Blog Post #20 Fun Home, from Graphic Novel to Musical

The adaptation of Alison Bechdel’s graphic novel Fun Home in a Broadway Musical honored the source material and expressed in song the possible emotions of each family member, including Alison’s father and the author herself at the many different stages of her life. The best kind of adaptation of any work as it transitions from it’s initial medium into another is one that acknowledges that not every detail can make the journey but enough familiar pieces should be found.

In that regard, the transition was pretty much seem less, with an added curious twist that the musical acts as Bechdel’s expression of interpreting her memories in her childhood to early college years as she makes the graphic novel. Besides being an analysis of her possible father’s personality as she tries to come to terms with his suicide as she contemplates how they were both gay, the musical also expresses her awakening as she embraces the reality that she’s a lesbian. In that regard the song sung after having sex with Joan “Changing My Major” was one of the more uplifting and significant songs in the musical because despite everything else that follows this moment became one of the most positive moments in the author’s life. The other moment, matching comedic bliss in earlier parts to the greater tragedy that motivated this graphic novel is the fact that Alison and her father never fully talked about their shared connection about being gay. The musical expressed this by having the present Alison in the car seat with her father instead of her college-age self because this is the moment where he goes back to the most and wishes she could have the talk they never got, since that was the last night they met face to face. Near the end,  a way of interpreting the final lines of song and dialogue in the play reflects the same idea as the graphic novel, that ultimately Alison comes to terms with everything in her past, including her father’s own sexuality and death, so that she can both remember and honor him by fully embracing the life of a gay woman in a way that her father never got to realize as a gay man.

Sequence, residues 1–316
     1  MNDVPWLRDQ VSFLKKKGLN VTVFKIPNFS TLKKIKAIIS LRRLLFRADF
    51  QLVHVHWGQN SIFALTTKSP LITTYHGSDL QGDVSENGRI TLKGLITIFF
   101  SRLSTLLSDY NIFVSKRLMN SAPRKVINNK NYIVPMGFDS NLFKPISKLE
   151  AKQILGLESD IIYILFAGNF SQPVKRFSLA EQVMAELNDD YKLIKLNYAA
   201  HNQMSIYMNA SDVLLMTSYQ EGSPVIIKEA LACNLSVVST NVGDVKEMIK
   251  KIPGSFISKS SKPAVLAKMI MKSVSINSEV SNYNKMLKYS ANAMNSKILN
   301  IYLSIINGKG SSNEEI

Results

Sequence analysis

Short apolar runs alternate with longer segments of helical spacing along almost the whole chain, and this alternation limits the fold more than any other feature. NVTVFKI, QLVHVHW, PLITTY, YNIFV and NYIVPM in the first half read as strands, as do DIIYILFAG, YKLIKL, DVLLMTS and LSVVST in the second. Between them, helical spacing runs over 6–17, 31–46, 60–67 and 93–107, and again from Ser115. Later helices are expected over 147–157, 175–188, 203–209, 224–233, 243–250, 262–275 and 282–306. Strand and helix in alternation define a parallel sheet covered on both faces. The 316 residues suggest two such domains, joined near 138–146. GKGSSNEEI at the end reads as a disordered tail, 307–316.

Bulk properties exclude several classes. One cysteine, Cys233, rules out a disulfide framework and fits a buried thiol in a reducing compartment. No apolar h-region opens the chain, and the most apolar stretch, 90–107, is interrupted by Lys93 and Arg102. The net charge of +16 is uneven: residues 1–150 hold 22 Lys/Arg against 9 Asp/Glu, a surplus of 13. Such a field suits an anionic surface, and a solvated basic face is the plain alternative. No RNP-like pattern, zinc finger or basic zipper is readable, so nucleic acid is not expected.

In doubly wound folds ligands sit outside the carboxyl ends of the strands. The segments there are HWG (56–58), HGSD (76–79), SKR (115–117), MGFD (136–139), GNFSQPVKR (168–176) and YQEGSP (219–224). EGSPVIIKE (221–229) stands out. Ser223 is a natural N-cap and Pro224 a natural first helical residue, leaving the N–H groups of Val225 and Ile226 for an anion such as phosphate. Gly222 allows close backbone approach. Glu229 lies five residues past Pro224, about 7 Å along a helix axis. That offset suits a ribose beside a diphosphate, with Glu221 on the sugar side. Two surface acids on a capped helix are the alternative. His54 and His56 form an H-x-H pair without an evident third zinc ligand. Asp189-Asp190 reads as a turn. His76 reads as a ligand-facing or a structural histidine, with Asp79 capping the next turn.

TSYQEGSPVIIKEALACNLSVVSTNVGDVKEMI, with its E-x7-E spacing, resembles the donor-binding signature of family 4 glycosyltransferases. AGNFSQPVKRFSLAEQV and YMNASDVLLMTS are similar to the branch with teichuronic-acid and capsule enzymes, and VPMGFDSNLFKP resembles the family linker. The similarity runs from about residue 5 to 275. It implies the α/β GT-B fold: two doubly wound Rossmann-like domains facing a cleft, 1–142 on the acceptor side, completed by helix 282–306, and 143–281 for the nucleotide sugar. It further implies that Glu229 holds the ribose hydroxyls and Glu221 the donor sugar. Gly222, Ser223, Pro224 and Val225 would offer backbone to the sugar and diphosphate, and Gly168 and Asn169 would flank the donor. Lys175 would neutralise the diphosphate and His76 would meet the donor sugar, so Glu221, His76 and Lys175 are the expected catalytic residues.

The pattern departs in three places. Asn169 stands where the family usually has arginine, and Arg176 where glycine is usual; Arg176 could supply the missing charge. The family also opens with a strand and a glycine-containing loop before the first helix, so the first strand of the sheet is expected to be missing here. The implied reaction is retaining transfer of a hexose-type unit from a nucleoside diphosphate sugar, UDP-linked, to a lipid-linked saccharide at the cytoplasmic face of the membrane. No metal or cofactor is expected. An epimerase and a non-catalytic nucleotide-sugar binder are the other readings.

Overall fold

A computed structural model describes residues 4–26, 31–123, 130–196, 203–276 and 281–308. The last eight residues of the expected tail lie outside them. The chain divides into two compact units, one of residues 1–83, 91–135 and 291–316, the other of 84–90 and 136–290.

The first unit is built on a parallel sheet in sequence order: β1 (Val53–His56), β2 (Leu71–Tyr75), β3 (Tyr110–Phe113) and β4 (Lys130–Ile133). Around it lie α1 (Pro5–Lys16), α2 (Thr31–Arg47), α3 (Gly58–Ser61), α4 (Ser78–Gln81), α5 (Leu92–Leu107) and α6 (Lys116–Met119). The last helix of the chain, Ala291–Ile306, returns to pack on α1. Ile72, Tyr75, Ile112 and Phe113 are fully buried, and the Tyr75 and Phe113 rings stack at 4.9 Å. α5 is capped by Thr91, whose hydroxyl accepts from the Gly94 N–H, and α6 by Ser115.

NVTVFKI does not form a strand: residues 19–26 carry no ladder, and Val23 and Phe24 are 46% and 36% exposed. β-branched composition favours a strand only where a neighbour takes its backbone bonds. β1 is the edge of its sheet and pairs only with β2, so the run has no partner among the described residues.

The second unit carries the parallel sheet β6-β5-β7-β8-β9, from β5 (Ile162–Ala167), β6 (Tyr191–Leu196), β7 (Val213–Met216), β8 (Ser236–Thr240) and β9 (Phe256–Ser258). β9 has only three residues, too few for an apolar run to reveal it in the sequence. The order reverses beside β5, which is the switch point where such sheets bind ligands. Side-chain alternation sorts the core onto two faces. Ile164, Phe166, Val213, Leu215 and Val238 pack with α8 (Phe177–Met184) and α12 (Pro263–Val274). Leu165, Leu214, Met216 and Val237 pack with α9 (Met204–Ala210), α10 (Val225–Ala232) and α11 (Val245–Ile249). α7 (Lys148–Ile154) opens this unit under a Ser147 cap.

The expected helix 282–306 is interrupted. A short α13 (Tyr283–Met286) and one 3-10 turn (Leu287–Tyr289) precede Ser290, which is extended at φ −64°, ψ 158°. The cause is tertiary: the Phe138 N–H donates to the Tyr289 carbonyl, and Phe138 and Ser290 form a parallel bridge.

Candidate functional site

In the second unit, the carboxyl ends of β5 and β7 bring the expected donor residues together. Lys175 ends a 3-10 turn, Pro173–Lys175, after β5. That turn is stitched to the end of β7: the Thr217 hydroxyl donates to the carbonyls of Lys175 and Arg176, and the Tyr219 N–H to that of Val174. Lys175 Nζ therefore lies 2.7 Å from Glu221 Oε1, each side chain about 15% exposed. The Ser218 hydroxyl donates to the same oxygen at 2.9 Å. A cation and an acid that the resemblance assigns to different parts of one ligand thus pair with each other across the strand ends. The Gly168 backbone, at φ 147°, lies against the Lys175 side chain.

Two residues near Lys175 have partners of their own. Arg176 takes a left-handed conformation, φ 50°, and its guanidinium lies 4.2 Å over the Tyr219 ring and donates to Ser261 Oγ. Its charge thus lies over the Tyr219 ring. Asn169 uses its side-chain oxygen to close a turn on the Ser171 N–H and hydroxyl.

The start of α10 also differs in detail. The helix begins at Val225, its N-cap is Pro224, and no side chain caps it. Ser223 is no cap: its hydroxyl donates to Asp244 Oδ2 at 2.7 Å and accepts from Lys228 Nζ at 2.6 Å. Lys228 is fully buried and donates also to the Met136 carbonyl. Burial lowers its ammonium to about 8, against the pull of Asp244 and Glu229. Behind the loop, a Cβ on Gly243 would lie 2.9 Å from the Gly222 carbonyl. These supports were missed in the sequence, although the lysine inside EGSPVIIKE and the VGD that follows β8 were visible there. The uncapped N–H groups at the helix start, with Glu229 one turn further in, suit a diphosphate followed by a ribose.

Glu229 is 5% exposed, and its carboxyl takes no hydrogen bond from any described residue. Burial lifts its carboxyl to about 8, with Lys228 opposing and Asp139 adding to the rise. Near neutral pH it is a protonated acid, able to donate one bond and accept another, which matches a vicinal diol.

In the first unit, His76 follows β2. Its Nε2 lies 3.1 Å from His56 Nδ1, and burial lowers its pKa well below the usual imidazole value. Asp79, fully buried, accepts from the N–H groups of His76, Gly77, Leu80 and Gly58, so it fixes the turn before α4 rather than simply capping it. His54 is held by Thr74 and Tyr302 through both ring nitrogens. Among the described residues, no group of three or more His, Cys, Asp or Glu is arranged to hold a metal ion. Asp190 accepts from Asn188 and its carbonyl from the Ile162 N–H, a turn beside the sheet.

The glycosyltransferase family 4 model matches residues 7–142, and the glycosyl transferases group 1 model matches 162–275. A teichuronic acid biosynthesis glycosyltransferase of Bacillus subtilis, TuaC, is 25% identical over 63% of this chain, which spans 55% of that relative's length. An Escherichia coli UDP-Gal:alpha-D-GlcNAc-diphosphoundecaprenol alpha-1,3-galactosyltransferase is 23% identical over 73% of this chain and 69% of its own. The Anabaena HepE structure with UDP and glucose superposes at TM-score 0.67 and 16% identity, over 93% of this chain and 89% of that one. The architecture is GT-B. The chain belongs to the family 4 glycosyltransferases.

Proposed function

Fans of the graphic novel will enjoy the musical but ultimately the story is well expressed of a woman coming to terms with her past in a way that reflects how everyone must remember their family in one form or another, as comic or song, in order to move towards their future.

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2 thoughts on “Blog Post #20 Fun Home, from Graphic Novel to Musical

  1. You have good points here, including the need for “enough familiar pieces” from a work to be present in an adaptation, and your wrap-up thought about “move toward the future.” Among my reactions to the musical, the number of familiar pieces felt just right, and I can imagine that anyone in the audience who had not read the graphic novel would still notice those features – for example, the ways in which Alison tried so hard to connect with her father. Regarding moving forward to the future, both the graphic novel and the musical did that – with just enough possibilities noted to keep readers/audiences engaged (readers literally know there is more to come because of the pages left in the book they hold, and audiences are constantly reminded of the future because the ‘oldest Alison’ on stage appears again and again, no matter what part of Alison’s family is being depicted).

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